Joining Forces: How cove.tool’s Software and Mechanical Engineering Teams Take Projects from Ideation to Implementation

Joining Forces: How cove.tool’s Software and Mechanical Engineering Teams Take Projects from Ideation to Implementation

February 25th, 2022

This week, cove.tool is highlighting some of our most valuable team members – our engineers. From a small startup to a high-growth firm, engineers have been at the heart of our product development process. In an industry where the quality of products is so vital to successful operations, the work done by our engineers is much appreciated. 

Our team of engineers consists of two crucial groups – Research (Mechanical and Energy Engineers) and Software (Full Stack, Frontend, and QA Automation Engineers). They are both heavily involved in the design, development, and testing phases that go into creating each of our new tools. Here’s a brief overview of each step the Research and Software teams tackle throughout the development lifecycle:

It all begins with a standardized “R2D2” process made up of four steps: Read, Reflect, Display, and Do. Research starts with idea formation by asking two questions – who and what? Who will use the product and what does it need to do to satisfy user needs? After establishing a general product direction, Research makes mockups for design evaluation and generates “User Stories” that dig deep into the user experience. 

Research then passes the baton to the Software team in a “Kickoff Meeting” – a Q&A where Research explains the product idea and comes up with a plan of action alongside Software. This is the stage where ideas start to become reality. Software explains constraints, timeframe, and allocates engineers for the project. Research makes updates to the product plan based on software constraints. 

Then, through agile, iterative collaboration, the Research and Software teams begin the development phase. Software team leads break down the plan into 2-week “sprints” – this is where the legwork gets done. Software develops the product and reviews code internally. Once approved, the product moves into “staging” – a development environment where QA engineers can review for errors. Once all code is smoothed out, Software sends the product to Research for a final review, where they ensure that the product matches their initial design and intentions. Software team leads carry out one last review before sign off, and then the finished product is released!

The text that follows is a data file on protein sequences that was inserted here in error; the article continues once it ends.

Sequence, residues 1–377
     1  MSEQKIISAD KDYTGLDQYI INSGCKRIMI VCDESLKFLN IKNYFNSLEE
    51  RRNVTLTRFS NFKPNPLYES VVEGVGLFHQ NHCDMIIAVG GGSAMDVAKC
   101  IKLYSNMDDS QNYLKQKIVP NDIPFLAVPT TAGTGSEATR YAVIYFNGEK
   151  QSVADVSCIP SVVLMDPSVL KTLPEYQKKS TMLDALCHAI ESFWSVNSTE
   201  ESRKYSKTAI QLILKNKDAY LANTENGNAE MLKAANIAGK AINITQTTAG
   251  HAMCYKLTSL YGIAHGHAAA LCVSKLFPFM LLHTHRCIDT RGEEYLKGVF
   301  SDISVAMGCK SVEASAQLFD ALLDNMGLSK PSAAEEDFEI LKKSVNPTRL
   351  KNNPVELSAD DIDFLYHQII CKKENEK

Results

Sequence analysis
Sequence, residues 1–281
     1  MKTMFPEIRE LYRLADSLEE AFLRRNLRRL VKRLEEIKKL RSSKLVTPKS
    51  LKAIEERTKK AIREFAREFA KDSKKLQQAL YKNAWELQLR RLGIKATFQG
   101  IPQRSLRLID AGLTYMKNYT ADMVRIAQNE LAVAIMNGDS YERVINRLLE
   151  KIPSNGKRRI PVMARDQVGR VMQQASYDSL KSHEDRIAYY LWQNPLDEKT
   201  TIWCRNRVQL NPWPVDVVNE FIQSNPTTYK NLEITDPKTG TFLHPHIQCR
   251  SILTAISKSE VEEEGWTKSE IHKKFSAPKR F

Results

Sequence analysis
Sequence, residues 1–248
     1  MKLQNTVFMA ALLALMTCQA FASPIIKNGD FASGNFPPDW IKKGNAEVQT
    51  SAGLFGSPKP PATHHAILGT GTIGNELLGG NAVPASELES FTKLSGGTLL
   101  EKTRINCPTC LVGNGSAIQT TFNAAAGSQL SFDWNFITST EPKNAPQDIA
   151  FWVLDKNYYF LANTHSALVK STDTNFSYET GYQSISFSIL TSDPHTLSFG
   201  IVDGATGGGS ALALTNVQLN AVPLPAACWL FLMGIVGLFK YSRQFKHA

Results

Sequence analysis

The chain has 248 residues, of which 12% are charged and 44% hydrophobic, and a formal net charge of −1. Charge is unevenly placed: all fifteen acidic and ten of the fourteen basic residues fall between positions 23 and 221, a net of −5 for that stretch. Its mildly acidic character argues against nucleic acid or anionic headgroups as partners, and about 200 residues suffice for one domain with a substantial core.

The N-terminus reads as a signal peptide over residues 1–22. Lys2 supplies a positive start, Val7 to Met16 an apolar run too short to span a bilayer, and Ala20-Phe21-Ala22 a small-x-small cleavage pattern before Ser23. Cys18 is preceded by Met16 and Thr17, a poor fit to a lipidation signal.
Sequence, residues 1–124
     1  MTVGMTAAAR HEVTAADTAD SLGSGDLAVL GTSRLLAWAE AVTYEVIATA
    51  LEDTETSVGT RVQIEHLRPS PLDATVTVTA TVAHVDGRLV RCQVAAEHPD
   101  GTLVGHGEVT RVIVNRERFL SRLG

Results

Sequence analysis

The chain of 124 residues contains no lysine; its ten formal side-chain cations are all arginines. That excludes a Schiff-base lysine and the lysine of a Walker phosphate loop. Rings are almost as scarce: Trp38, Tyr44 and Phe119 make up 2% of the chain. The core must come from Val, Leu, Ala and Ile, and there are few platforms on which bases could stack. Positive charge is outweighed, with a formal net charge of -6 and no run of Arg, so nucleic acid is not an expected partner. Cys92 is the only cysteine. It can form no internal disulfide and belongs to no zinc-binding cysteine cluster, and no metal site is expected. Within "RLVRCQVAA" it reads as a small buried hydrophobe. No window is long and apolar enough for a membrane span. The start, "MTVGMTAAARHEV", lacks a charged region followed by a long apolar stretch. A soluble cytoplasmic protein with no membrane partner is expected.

Maintaining the cove.tool Culture During Rapid Growth

As cove.tool has grown, the Research and Software teams have grown as well, but they’ve also retained the majority of their original team members. Although our Co-founders have traditionally had a stake in the formation and development of new products, the Research and Software teams have been granted more agency in their decision-making processes. Despite the rapid growth of each team and the expansion of cove.tool, all team members still have access to the Co-founders whenever they need input or advice. The Research team often checks in with the Co-founders throughout the idea formation stage, and the Software team still gets approval on major UI changes. 

With larger undertakings, such as loadmodeling.tool, being developed at lightning speed, our initial product design and development process required a shift. On the Software side, a dedicated team solely worked on this project, so they were intimately familiar with the code. This proved to be a very efficient approach for large-scale products. On the Research side, a devoted team of engineers were assigned that completed a substantial amount of pre-work before their “Kickoff Meeting” with Software. 

When the idea for loadmodeling.tool was formed, the Research team was headed by one person. They needed to grow quickly to account for the size of the project, so they developed a new onboarding process, which got new mechanical engineering hires up to speed in around a month. After a loadmodeling.tool software engineer was promoted, Software also dedicated a new hire to this team. Onboarding was quick and they were proficient in loadmodeling.tool code in just days. Through this growth, and through constant collaboration and communication, Research and Software completed the project within their desired timeframe. 

If you want to work on new, innovative products with measurable, meaningful real-world results around carbon mitigation and the reduction of energy use, look no further. Our growing team of engineers at cove.tool is constantly trying to find new ways to optimize workflows in the Architecture, Engineering, and Construction (AEC) space. In a world where buildings account for 40% of all carbon emissions, this tool is not just a convenience; it’s a necessity. Come be a part of the solution – apply to cove.tool today!


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